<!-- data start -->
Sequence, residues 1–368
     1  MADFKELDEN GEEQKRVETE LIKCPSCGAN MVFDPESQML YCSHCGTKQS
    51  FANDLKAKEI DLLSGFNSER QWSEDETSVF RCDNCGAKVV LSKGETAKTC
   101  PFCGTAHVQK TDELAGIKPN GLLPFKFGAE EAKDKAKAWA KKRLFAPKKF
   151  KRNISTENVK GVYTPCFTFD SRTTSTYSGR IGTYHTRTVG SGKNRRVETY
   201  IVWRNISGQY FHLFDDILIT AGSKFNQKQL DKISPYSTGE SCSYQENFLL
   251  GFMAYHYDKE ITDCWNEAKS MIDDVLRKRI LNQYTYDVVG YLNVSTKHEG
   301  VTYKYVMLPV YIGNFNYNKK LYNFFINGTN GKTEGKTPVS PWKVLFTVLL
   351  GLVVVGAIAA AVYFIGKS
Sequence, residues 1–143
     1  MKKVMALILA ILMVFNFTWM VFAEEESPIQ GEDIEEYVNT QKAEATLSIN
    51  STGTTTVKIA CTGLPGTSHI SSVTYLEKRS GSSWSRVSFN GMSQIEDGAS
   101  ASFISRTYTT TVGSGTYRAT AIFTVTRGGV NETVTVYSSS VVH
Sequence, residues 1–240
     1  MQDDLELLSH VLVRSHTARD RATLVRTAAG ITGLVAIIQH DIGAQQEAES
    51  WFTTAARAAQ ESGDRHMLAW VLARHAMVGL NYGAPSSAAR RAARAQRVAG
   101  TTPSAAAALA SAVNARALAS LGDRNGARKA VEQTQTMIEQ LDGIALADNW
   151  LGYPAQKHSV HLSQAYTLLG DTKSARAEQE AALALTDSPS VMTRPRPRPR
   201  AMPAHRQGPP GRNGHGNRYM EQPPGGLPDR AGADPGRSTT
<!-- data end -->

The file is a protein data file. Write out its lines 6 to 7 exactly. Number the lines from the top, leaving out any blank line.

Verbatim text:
   201  IVWRNISGQY FHLFDDILIT AGSKFNQKQL DKISPYSTGE SCSYQENFLL
   251  GFMAYHYDKE ITDCWNEAKS MIDDVLRKRI LNQYTYDVVG YLNVSTKHEG